Currently, Steel King Industries, Inc., F&P Georgia and Advanced Steel Technology are partnering with Floyd County Corrections to hire certified welders. If hired, the new employees will have to prove they are still proficient in welding said Edison. This is a requirement for any welding job and students who enter the workforce should have no difficulty with demonstrating welding skills on the job. Those who wait may have to brush up on their skills before being allowed on-site he said. 

“I can’t even begin to tell you how much of a blessing this is,” said offender and student Clarence Leonard. “I can get a stable job and support my family.”

According to Leonard and the other students, involvement in the program has been widespread in Floyd County Prison. Other offenders often drop by their cells and watch them go over course material. Prison administrators will also bring welding students things to repair, which they do in their spare time. According to Long, interest in the program has exploded.

How it came about

The welding classes at Floyd County Prison were made possible through partnerships at both the state and local level said Stephanie Scearce, GNTC vice president of Economic Development. After discussions with the prison, Scearce and her team at GNTC developed the welding program offered at the prison before working to secure funding. 

“It’s been a year and a half in the making but we finally made it, pandemic and all,” Scearce said. “We have heard about other technical colleges doing something similar, and TCSG provides the labs. GNTC would like to continue offering this program on an annual basis in partnership with the Northwest Georgia Regional Commission Workforce Investment Board.”

Next, Scearce and her team went before the Northwest Georgia Regional Commission (NWGRC) Workforce Investment Board to apply and successfully award funding for the course. In addition, they also submitted an application to TCSG to secure one of their mobile welding labs. Once the current class is complete, the lab will return to TCSG and Scearce will approach NWGRC again to request funding to train another cohort of inmates if there is expressed interest from the prison.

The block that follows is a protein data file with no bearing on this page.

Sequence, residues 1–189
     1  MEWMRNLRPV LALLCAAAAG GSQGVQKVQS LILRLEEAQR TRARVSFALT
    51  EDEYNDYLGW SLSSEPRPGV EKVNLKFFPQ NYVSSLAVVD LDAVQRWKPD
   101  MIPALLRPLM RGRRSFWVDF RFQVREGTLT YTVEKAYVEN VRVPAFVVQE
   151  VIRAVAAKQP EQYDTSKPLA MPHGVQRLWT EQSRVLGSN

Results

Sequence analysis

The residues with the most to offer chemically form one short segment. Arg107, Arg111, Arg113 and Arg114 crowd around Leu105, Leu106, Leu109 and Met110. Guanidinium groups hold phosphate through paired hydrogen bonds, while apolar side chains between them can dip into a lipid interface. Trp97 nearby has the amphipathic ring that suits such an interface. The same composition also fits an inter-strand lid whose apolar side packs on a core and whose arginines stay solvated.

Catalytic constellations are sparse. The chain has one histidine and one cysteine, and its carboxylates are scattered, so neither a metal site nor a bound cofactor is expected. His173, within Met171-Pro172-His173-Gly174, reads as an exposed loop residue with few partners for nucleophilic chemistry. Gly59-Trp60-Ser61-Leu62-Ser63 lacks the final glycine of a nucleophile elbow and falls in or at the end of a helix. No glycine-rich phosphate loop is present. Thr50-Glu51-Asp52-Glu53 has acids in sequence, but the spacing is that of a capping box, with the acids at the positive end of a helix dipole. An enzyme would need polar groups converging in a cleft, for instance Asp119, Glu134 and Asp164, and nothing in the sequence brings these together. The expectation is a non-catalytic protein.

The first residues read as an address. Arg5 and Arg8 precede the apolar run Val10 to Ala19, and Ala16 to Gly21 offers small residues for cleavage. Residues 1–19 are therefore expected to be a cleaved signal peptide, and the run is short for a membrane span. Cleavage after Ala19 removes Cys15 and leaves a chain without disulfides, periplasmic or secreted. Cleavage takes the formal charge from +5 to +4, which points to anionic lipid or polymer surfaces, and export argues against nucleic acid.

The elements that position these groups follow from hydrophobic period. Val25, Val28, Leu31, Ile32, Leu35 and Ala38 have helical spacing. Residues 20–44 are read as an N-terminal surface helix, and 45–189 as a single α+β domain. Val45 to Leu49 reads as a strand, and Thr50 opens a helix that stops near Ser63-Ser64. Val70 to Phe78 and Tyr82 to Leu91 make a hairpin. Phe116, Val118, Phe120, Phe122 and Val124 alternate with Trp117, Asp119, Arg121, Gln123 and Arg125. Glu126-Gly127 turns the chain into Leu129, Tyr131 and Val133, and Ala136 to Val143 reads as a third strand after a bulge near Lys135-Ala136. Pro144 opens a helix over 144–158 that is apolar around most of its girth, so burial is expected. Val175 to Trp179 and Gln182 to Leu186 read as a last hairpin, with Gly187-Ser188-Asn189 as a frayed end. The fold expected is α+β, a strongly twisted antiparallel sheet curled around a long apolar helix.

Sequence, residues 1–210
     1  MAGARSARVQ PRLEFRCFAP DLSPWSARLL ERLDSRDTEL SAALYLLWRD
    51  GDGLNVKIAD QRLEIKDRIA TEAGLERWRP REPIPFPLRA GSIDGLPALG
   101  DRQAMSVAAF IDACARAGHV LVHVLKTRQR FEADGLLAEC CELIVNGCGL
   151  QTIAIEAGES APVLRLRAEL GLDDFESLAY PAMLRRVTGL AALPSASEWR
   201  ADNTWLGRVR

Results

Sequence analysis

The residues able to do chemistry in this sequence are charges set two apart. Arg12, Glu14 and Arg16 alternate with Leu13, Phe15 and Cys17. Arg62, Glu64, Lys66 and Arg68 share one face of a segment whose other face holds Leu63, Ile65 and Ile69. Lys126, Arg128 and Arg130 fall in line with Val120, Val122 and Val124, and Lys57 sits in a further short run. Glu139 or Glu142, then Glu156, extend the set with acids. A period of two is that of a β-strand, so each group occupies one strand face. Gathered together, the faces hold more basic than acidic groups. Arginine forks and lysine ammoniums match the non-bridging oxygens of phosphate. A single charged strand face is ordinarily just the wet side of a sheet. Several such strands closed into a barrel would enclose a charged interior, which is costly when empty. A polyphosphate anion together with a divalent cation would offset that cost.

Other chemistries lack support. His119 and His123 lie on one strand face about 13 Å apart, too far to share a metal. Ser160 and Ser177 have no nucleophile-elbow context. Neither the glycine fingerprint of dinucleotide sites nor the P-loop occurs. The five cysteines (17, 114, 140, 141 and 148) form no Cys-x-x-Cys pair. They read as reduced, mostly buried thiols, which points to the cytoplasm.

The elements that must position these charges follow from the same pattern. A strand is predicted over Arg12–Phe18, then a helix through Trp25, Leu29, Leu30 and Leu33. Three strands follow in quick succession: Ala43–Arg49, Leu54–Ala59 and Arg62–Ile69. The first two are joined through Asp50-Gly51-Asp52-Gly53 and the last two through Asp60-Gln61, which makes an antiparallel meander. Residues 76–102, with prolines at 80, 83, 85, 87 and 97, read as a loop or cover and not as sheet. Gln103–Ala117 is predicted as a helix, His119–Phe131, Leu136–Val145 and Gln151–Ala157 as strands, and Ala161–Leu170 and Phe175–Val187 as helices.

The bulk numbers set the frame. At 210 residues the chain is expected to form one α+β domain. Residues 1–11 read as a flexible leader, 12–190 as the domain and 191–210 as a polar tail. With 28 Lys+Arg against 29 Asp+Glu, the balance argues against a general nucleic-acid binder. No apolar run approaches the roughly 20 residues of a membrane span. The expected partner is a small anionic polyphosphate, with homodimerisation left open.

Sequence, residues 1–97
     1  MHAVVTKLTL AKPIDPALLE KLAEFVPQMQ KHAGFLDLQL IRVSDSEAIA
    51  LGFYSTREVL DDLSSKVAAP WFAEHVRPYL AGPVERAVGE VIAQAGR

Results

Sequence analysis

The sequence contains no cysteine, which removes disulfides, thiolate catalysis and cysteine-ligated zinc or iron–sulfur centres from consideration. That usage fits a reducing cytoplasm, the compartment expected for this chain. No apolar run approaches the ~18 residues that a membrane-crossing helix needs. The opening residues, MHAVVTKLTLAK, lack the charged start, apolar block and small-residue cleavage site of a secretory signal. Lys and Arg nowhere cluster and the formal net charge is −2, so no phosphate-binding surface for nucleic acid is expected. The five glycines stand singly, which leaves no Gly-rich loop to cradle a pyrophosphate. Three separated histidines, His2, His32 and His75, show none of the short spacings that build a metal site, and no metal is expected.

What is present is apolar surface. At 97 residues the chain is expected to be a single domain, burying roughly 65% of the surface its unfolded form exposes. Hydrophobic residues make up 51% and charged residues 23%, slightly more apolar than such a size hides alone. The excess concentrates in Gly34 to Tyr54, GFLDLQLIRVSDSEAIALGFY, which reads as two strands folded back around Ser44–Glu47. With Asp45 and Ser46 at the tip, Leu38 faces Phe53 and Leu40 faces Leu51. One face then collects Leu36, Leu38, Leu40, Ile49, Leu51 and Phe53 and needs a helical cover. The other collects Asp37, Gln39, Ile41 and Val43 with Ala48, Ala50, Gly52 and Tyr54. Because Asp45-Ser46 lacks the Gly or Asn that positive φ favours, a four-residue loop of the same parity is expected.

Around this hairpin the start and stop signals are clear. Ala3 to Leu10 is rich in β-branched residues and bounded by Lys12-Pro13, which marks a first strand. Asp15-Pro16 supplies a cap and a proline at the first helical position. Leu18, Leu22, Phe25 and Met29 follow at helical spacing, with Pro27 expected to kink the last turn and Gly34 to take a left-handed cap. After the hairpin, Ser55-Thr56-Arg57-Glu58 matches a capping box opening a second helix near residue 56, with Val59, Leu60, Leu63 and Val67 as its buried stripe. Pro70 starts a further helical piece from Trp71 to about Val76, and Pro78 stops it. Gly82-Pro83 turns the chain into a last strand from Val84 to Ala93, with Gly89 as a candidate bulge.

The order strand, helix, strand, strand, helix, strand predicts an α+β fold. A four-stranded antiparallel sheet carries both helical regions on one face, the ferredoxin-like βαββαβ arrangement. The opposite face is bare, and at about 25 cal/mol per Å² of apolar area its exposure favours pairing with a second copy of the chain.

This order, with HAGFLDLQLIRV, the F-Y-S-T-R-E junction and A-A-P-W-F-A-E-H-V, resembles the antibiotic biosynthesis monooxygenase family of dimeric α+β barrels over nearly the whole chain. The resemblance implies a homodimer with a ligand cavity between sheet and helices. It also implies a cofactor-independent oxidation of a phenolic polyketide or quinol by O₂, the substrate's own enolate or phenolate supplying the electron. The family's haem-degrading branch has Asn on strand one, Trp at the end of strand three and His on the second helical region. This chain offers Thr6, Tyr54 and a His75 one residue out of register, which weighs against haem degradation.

“After touring the training at the prison, I was moved by the men’s respect and dedication to learning a new technical skill that will earn them employment upon parole,” said Scearce. “When the time comes, I know these men will be equipped to fulfill high demand jobs within manufacturing that are extremely hard to fill and keep filled.” 

According to Dean and Long, programs that allow prisoners to further their skills while incarcerated benefit both the prison and the former offenders long term. Departed prisoners are less likely to go back into the system once they have marketable skills, Long said. The FCP warden gave several examples of offenders who have earned their Commercial Driver’s License (CDL) while in Floyd County Corrections and now have careers in commercial truck driving. 

Money we spend on these types of programs saves us on extra security and offender care in the long run,” he said. “In my experience, when you break the chain of incarceration it makes a difference to the former offenders and their families. Their children are less likely to wind up in the system if their parents are home and have a good job.”

Since the welding class came to the prison, Long has received stacks of letters from offenders at other prisons asking for a transfer to the Floyd County Prison. Dean said she also gets daily phone calls regarding transfers, and within her own facility she has close to 50 offenders requesting placement in the next welding class when it comes back to the prison. In the meantime, Long and Dean said they will keep working with offenders to make sure they are fully equipped to start a new life through the various programs and their in-house career center.

Georgia Northwestern Technical College provides quality workforce education to the citizens of Northwest Georgia. Students have the opportunity to earn an associate degree, diploma, or a certificate in business, health, industrial, or public service career paths. This past year, 12,454 people benefited from GNTC’s credit and noncredit programs. With an annual credit enrollment of 7,730 students, GNTC is the largest college in Northwest Georgia. GNTC has an additional enrollment of 4,724 people through adult education, continuing education, business and industry training, and Georgia Quick Start. GNTC is a unit of the Technical College System of Georgia and an Equal Opportunity Institution.